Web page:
• Brilliant. Loved reading this one… love the element of surprise. I want to come back and read more of what you share… excellent. Glad to meet you via #commenthour this week!

    • I hope to see you back again soon too, Julie! I’m happy to hear that you liked the article and that I provided something useful for others to check out. What was the element of surprise for you?

  • Since I started blogging I’ve formed some unexpected online relationships that have only made me better. It’s amazing the difference a kind word can make – it’s especially nice to see this post when all I usually read about are people attacking each other from behind their computer screens. 

    Found you through #commenthour 🙂

    • Trolls attack people from behind their computer screens. They’re cowards especially since they hide behind a computer screen. However, there’s nothing better than receiving constructive criticism. I am in the same boat as you with having developed some great unexpected online relationships. I believe that’s one of the best things about online interaction.

  • Excellent advice!  I’ll keep reading.

    • Thanks for reading and I look forward to hearing more of your feedback!

  • I think this is great! Even on my small personal blog I always respond to any comment I get and I think that brings people back!!

    • Everyone deserves a response. I think it’s wrong to ignore someone when they’re attempting to talk to you. By you responding, it definitely works to your favor. As you said, people are going back to your blog 🙂

  • Nice to see you again on #commenthour. It’s sad that caring can be an element of surprise, but it’s absolutely a great thing to go the extra mile for your community members.

    • Great to see you again too, Denise! I will always go the extra mile for my community because they are the people that matter and make blogging enjoyable. Caring is the only way to go because when you care, your community cares!

  • I do my best to always reply to comments left on my blog. More people should do this! #commenthour

    • As long as you are making the effort, that’s the important thing. It’s important to stay consistent with it!

  • bernadith ong

    Consistency is very important for a blogger. We must always let our clients feel that we are always there listening to what they say and what they want.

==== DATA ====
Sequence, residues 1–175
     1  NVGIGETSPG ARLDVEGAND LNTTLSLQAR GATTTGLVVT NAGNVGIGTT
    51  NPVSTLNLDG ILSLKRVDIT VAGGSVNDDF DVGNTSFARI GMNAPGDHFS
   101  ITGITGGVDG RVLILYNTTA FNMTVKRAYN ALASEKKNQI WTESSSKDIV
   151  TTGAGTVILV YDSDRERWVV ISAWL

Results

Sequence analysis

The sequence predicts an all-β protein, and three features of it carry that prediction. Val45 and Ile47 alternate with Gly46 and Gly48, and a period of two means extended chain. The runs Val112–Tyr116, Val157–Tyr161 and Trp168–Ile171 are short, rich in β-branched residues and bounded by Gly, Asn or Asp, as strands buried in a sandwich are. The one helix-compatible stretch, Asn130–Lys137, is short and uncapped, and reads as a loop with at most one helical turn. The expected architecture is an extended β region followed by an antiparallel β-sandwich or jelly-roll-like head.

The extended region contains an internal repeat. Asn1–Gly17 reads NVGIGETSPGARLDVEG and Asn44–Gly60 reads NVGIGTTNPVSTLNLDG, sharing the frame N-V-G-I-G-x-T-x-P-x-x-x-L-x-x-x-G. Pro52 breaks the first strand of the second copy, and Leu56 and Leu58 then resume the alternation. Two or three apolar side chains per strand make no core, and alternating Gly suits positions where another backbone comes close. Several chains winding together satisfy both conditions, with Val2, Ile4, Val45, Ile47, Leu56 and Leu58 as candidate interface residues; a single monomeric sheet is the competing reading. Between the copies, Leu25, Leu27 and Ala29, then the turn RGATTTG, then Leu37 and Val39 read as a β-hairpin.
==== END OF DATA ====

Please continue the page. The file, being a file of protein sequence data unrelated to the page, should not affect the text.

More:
• I think that’s what most people forget. It’s about the reader or the client who helps make you who you are. They’re a direct result of your success and listening to what they have to say can only benefit you in a positive manner.

  • Lisa Ladrido

    I think the personal touch is so important. I know how important it is to return and respond to comments on my blog. Lately I have had a hard time being consistent, either because of lack of time or distractions! Great information Frank! Great to see you on #commenthour and congratulations on being featured too! Lisa

    • Thank you, Lisa! I have heard from many people that staying consistent and getting back to every comment can be a challenge. Yes, there are a lot of distractions online and in our lives. Personally, I just try to set time aside to get back to each person because I know they took the time to say something to me and I want to acknowledge them.

  • I always try to respond to any and everyone who comments my blog or a twitter. I’m finding however that sometimes you don’t get that back from other bloggers. But I still do it, regardless because I want them to know that without them, my blog would be nothing. Just a site taking up space online. Ya know? Very good post today!

    • You have the correct frame of mind, Heather! The last thing you want is no community because then the blog is nothing. The fact that you make it a point to get back to everyone will separate you from the rest of the pack 🙂

  • I myself only post once a week (Friday’s, but I may extend to two in the future), but I keep it consistent because I want readers to become use to the pattern. Leaving comments is the same practice. You want your readers to grow accustom to the fact that you respond to comments so that it’s a two way conversation and that they aren’t talking to themselves. However, I do understand that everyone has busy schedules and sometimes it might not be feasible to get back to each person. I personally want to get back to them because I enjoy the conversation.

    I don’t think there’s every “too late” of a time to get back to someone. As the saying goes, “better late, than never.” Also, I like to email first time commenters and thank them for their thoughts. I like to make it personal because it can mean them returning to your blog and becoming a loyal part of your community. Be yourself and let them know that you want their feedback at the end of your post. A call to action encourages feedback!

  • Great post. I try and do my best to respond to each and every comment! #commenthour

    • Thanks, Amber! It’s can be a challenge to respond to every comment, but I look at it this way. If someone says hello to you, are you going to ignore them? Of course not, so if someone leaves a comment on a post I write, I make it a priority to get back to them. That’s at least how I look at it.